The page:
Don’t get SAD: winter wellness


Solil Devyn Borthwick

The Wellness Center entrance behind Senator’s Hall

Living in Vermont, one must be aware of the long, dark winters suffered by everyone who lives here. There are some benefits to living in this wonderland during the colder months, such as snowy recreation and winter sports, but it’s also common to struggle with mental health due to the lack of sunlight and warmth which pervades half of the year.
Seasonal Affective Disorder (SAD), colloquially known as seasonal depression, is a common phenomenon in places where winter is long, cold, and dark — Vermont being no exception.
Seasonal depression is usually experienced in the winter, but is also less commonly experienced in the summertime, then being known as summer-onset seasonal affective disorder.
If you think you might have dealt with seasonal depression in the past, you’re not alone. According to the Mayo Clinic, there are over 3 million cases of seasonal affective disorder every year in the United States.
The symptoms of seasonal depression are extremely similar to those of clinical depression, including appetite changes, fatigue, irritability, weight changes, and general discontentedness.
The only real difference between seasonal affective disorder and clinical depression is that SAD goes away at the end of the season, whereas clinical depression persists year-round.
If you are a student at NVU-Johnson and find yourself struggling as the air starts to chill, there’s some support available in the Wellness Center.
The Wellness Center is a support resource for potential mental health issues while studying at NVU-Johnson, and they have some tips and events coming up this autumn and winter to help ease seasonal depression.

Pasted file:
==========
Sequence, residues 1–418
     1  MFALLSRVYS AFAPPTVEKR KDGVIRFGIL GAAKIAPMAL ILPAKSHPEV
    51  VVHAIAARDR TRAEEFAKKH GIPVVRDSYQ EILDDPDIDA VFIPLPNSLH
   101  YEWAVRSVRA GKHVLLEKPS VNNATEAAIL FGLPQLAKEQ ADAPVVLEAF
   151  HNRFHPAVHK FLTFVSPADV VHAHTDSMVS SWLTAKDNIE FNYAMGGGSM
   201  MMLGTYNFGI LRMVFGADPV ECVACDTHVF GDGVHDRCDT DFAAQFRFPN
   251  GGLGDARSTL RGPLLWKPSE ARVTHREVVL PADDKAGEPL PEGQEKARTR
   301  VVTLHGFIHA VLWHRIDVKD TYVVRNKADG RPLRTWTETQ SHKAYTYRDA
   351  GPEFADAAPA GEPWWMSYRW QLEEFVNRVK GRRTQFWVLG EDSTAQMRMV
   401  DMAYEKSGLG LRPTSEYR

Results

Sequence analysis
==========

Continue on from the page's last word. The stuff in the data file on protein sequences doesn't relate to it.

One treatment that has been known to reduce the impact of seasonal affective disorder is light therapy. The Wellness Center has a room with multiple sun lamps for the use of any student who feels some artificial sunlight might help as the days continue to get shorter and shorter.
“[Light therapy] can be really helpful, just so you get some of that simulated daylight,” said Wellness Center Director Kate McCarthy. She also suggests getting outside “even if it’s dark and doesn’t look super nice out. Getting outside is still really important.”
A few small but important things one can do to minimize the effects of seasonal depression include trying to stick to a regular schedule. This includes waking up and going to bed at a similar time every day.
“Think of those really important foundational things we need: sleep, water, food. And we need connection with other people,” McCarthy said.
If the light therapy doesn’t seem to be helping, it’s common to try taking a vitamin D supplement, but another suggestion is to talk to a counselor.
“Therapy can also be a good strategy for folks to use to cope with seasonal depression,” said Kyle Palmer, who is in his second semester interning at the Wellness Center.
The Wellness Center also offers many groups that can help with feeling low, including their Animal Friends group which provides students with animals to play and cuddle with.
Recently, the group featured a couple of kittens for people to visit when they might be feeling blue. This group is held on Tuesdays at 2 p.m. in the Wellness Center in the Senator’s South building.
Appointments can be scheduled with the Wellness Center by calling them at (802) 635-1265 or by visiting the office in-person.